The Library of Parliament came into being when the legislative libraries of Upper and Lower Canada were amalgamated in 1841 and situated in Montréal. In 1849 only 200 of the 12,000 books were saved when an angry mob protesting the Rebellion Losses Bill set fire to the Parliament Buildings. Re-established in Ottawa after completion of the original Parliament Buildings, the present library building was the only structure that survived the disastrous fire of 1916. The marvellous neo-Gothic structure was preserved in the new Parliament Buildings.
The Library of Parliament's large collection of books, documents, CD-ROMs and databases is carefully chosen to meet the demands of its parliamentary clientele. Through an integrated library system, parliamentarians have access to the automated catalogue from their offices, and the reference librarians can also search and provide information from numerous outside electronic databases. The Parliamentary Research Branch (PRB) provides substantial assistance to members of the Senate and House of Commons as well as to parliamentary committees through its subject matter specialists, including lawyers, economists, scientists, sociologists and public policy specialists. In addition to its role within government, the library also plays a public outreach role by providing information about Canada's Parliament to Canadians. The library's collections are available to other libraries through interlibrary loans with some restrictions. The library is considered a department for administrative purposes and comes under the control of the speakers of the Commons and the Senate. The parliamentary librarian holds the rank of deputy minister.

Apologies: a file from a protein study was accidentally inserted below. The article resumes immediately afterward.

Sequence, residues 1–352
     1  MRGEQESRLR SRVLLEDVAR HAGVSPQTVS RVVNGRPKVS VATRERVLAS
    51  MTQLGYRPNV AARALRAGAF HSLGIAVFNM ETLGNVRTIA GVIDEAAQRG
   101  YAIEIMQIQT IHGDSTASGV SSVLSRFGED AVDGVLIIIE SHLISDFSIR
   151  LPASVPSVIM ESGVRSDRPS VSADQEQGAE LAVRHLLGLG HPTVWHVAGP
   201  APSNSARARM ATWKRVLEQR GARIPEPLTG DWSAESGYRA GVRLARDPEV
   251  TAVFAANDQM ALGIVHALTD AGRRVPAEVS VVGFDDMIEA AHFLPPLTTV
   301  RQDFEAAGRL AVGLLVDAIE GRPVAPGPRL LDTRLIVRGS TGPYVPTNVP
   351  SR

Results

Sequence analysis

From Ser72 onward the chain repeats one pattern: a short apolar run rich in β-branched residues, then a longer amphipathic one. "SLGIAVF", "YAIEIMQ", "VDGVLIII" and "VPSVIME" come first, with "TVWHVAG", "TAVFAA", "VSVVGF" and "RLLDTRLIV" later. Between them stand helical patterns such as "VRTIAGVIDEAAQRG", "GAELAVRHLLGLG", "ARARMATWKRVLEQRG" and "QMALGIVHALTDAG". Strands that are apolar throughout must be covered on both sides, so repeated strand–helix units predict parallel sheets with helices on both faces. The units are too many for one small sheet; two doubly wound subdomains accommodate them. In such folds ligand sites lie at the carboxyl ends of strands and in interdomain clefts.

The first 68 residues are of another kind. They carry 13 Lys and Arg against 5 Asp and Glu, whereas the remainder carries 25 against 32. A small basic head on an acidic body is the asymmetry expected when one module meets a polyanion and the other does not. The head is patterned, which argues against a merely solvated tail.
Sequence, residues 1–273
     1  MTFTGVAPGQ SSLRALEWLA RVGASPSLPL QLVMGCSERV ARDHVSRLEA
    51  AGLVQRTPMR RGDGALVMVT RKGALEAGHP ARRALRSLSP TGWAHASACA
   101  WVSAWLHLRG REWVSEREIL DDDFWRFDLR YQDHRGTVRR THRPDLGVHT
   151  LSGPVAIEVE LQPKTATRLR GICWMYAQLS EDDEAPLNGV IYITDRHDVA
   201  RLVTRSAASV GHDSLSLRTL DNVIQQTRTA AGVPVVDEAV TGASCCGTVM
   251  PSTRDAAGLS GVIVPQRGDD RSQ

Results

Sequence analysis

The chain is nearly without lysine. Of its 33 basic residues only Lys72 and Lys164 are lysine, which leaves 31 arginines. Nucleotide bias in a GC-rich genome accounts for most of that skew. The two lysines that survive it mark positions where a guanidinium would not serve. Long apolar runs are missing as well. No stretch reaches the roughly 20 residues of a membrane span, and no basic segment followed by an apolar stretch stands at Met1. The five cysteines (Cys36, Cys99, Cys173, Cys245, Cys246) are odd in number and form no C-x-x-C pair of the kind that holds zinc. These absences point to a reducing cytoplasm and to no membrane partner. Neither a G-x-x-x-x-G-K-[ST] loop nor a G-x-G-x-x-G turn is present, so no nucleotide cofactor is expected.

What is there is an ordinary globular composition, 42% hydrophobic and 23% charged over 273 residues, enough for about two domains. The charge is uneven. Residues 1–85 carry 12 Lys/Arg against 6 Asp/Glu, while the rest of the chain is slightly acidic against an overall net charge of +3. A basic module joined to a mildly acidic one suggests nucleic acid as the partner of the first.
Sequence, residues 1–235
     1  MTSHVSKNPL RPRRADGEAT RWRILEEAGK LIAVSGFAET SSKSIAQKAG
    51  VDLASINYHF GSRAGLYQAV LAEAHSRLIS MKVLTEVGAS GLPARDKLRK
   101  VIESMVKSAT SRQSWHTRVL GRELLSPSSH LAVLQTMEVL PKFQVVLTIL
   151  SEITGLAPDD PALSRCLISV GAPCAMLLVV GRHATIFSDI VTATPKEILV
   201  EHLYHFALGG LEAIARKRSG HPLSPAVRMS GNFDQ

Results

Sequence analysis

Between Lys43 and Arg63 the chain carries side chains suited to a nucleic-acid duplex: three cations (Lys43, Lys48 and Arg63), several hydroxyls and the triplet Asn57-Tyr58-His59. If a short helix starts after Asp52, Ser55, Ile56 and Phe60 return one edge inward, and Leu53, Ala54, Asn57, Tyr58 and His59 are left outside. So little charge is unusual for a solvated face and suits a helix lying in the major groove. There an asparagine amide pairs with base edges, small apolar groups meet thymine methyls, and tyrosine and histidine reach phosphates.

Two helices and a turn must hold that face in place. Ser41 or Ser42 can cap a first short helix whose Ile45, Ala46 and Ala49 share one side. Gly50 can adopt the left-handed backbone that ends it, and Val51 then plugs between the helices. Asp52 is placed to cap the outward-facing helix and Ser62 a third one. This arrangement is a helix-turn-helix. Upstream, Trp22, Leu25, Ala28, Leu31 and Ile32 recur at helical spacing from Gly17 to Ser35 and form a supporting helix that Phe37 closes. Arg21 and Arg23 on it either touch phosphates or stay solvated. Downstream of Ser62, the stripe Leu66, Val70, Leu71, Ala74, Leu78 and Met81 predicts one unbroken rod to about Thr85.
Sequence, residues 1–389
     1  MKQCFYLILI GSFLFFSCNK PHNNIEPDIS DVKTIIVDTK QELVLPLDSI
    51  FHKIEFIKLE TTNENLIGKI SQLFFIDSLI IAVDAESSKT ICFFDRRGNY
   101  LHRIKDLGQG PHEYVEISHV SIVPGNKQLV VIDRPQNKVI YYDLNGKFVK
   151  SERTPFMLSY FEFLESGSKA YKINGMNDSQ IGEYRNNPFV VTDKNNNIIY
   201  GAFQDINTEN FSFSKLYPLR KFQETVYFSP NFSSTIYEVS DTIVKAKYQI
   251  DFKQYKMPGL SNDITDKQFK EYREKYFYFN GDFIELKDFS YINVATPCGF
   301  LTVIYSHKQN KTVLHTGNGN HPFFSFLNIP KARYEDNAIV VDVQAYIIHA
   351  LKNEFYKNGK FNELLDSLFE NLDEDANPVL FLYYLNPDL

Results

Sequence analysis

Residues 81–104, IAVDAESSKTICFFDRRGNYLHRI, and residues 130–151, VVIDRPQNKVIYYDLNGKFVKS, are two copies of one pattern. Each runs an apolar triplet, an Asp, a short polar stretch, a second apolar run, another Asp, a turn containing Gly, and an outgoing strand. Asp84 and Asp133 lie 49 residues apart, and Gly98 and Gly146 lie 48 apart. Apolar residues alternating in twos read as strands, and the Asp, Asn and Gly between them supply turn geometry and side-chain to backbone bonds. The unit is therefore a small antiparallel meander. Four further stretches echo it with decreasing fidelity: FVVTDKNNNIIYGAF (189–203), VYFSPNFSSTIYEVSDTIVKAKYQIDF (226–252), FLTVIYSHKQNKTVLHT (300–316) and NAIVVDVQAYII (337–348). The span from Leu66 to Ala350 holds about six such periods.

In 2002 a major renovation was undertaken to conserve, rehabilitate and upgrade the building. The Library of Parliament's collection and staff were temporarily relocated. Over the duration of the construction, 70 tonnes of steel were used for scaffolding, 4815 cubic metres of bedrock was removed to create a new basement space, 2075 square metres of copper roofing was installed and 147 leaded pane windows were repaired or replaced. Work was completed in the spring of 2006. While care was taken to retain the integrity and style of the Victorian structure, among the new features of the library were mechanized temperature and humidity controls to preserve the library's collection and protect the building. Consultation facilities for parliamentarians and for the public have also been enhanced. The library was nominated as one of "The Seven Wonders of Canada," receiving 7411 votes out of more than 1 million in a nationwide online survey conducted by the Canadian Broadcasting Corporation in the summer of 2007.